There are several ways we treat sleep apnea and sometimes we use a combination approach to help reduce the severity of that sleep apnea.
Usually, we need to do some weight loss and lifestyle changes, while the truth is that when you have sleep apnea, you're generally pretty tired during the day and you don't feel very energetic, so it' hard to go and do exercise. So it can be quite a challenge which is why we sort of tend to do CPAP therapy.
About lifestyle change, we need to stop smoking and avoid alcohol consumption in the evening. Alcohol is very enjoyable because it's a muscle relaxant and makes us very relaxed but what we want to avoid when we're sleeping is excessive muscle relaxing, because that's what causing the obstruction to happen. So you really should avoid that glass of wine before bed and quit smoking.
The next one is positional therapy, which means you just stay off your back when you're sleeping. So just sleeping on your side. This doesn't work for everyone obviously but these are just some of the treatment options.
There is a number of surgical options out there but it's important that we sort of first exhaust our non-invasive treatment options which are a lot more enjoyable and far less painful than jumping down the surgical road.
So let's talk about the most favorite therapy, which is positive airway pressure therapy. This is the gold standard and also the most common form of treating sleep apnea. If you know nothing about it, it's basically you have a little device, a machine with some tubing and you wear a small mask when you go yo bed. The machine creates air pressure. When the pressure on the outside of your body is higher than the pressure in your lungs, it forces air in. Because the air travels from high pressure to low pressure. This treats the sleep apnea brilliantly.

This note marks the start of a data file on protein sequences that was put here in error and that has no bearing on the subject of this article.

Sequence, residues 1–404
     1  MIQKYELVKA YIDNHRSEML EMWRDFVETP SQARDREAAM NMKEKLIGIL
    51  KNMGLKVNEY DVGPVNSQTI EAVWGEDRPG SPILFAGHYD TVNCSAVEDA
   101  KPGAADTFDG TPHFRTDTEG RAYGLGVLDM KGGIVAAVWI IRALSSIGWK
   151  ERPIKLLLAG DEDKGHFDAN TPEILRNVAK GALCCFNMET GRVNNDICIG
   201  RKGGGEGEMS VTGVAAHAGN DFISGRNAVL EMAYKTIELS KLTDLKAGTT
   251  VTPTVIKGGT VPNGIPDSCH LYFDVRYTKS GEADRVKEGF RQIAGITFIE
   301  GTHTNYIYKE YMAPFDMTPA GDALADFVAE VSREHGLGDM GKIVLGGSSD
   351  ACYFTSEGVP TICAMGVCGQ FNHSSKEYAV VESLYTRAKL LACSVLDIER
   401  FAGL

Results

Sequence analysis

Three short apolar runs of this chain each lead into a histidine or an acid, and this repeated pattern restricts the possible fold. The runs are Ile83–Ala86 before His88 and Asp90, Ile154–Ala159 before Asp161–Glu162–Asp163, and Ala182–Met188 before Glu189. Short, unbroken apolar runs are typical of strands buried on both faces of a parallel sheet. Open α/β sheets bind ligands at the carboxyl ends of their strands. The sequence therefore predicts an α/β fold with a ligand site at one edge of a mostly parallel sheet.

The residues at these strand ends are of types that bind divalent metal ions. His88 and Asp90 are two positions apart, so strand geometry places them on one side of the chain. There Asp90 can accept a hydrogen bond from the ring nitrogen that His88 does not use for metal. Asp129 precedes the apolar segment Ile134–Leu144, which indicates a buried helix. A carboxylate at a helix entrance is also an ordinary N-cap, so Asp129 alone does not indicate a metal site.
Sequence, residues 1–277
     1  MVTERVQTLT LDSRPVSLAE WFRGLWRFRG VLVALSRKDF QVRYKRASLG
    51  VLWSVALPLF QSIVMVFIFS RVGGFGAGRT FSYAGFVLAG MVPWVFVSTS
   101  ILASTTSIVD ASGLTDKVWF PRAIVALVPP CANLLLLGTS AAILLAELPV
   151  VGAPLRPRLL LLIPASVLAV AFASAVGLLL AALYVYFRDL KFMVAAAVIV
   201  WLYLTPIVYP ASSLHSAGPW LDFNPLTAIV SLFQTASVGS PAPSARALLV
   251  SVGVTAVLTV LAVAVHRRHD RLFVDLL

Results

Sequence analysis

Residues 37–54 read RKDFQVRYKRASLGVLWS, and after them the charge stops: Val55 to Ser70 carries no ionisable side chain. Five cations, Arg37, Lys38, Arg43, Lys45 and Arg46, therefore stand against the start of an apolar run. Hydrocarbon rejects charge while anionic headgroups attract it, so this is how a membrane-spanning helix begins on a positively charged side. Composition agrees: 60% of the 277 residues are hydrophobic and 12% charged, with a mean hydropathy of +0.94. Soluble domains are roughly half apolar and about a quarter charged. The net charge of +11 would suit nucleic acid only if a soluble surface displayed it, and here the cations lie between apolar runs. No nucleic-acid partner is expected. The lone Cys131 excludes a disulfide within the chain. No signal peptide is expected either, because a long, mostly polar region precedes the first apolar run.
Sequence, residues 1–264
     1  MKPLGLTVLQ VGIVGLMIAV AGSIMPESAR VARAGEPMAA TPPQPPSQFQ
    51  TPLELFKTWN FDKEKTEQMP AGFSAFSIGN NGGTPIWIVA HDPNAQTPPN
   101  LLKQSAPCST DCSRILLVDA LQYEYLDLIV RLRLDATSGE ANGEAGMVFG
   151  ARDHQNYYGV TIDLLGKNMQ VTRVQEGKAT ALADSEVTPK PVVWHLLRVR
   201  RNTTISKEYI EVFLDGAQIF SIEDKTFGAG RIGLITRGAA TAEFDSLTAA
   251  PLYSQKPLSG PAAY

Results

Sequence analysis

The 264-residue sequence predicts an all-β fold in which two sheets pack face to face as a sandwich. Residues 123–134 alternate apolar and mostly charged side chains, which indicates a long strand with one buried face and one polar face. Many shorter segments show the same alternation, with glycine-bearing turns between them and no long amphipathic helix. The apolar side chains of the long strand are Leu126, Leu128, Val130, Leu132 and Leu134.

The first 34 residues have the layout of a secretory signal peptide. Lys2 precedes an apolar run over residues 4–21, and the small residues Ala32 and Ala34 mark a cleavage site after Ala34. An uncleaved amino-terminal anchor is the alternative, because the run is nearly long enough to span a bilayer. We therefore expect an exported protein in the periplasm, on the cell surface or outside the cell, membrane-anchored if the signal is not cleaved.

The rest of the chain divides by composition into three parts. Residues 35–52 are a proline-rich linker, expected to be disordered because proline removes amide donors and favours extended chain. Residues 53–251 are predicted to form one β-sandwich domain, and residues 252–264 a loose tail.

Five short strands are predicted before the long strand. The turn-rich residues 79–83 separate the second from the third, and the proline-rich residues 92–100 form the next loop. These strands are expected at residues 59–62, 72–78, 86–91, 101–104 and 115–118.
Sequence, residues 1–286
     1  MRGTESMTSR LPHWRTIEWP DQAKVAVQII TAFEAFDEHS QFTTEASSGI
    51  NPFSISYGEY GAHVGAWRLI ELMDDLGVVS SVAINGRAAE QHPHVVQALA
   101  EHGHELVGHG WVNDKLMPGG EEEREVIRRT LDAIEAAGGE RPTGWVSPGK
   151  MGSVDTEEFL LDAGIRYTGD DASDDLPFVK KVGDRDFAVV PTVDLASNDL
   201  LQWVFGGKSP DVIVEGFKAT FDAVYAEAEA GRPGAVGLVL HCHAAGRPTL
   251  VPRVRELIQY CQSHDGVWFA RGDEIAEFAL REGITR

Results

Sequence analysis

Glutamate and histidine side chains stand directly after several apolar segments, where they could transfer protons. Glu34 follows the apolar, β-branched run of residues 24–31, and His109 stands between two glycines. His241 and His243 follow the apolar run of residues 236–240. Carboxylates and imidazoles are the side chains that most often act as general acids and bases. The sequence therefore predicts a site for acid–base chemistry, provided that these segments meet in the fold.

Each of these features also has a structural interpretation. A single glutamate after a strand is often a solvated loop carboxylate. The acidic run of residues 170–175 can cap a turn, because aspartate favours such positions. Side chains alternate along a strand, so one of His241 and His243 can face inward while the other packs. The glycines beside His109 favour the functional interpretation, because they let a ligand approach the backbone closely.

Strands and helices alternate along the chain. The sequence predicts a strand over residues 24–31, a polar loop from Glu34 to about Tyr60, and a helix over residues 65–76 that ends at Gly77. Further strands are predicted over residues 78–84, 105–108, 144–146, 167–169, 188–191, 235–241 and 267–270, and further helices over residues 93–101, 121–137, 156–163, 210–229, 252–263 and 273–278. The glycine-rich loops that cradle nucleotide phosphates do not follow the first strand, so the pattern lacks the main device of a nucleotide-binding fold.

There are a few types of positive airway pressure therapy and I'll just discuss them with you now because it can be a little bit confusing for someone, but it's important to understand the different forms of the therapy.
The first one is continuous positive airway pressure which is CPAP. CPAP is a word that many of you have heard. With continuous positive airway pressure, your device is set to one preset level of therapy pressure, so when you're breathing in and out, there's just one level of pressure.
Another form of continuous positive airway pressure is what we call automatic positive airway pressure. There is still continuous pressure coming in, but it's not preset to one fixed level. The machine itself will monitor your breathing and then it will regulate that pressure up and down minute by minute. This we call APAP.
If your airway is nice and the machine will automatic to stay nice and low, but if you're having obstructive sleep apnea events and snoring, the machine will pick up that information and it will gradually increase the pressure to treat the sleep apnea.
There is another form of therapy called BIPAP. BiPAP, that's normally used to treat either people with complex or mixed sleep apnea. We do sometimes use CPAPs and APAPs when we start and if it's not working out, then we'll use the BIPAPs which are a bit more technologically advanced than the other forms of therapy and also sometimes we use BiPAP for people who might have obstructive sleep apnea but they're not coping with CPAP or APAP. They may find it too hard to breathe out against the pressure and they can't quite get it, so we can move them to a BiPAP. Generally, your physician will sort of work out the best to set the values.
We all know that the BIPAP therapy devices usually cost a lot, but I believe that with the development of technology, these machines will become cheaper and more affordable.
Just stay safe and monitor your sleep health. You will finally get rid of the sleep apnea and enjoy every breathe easily.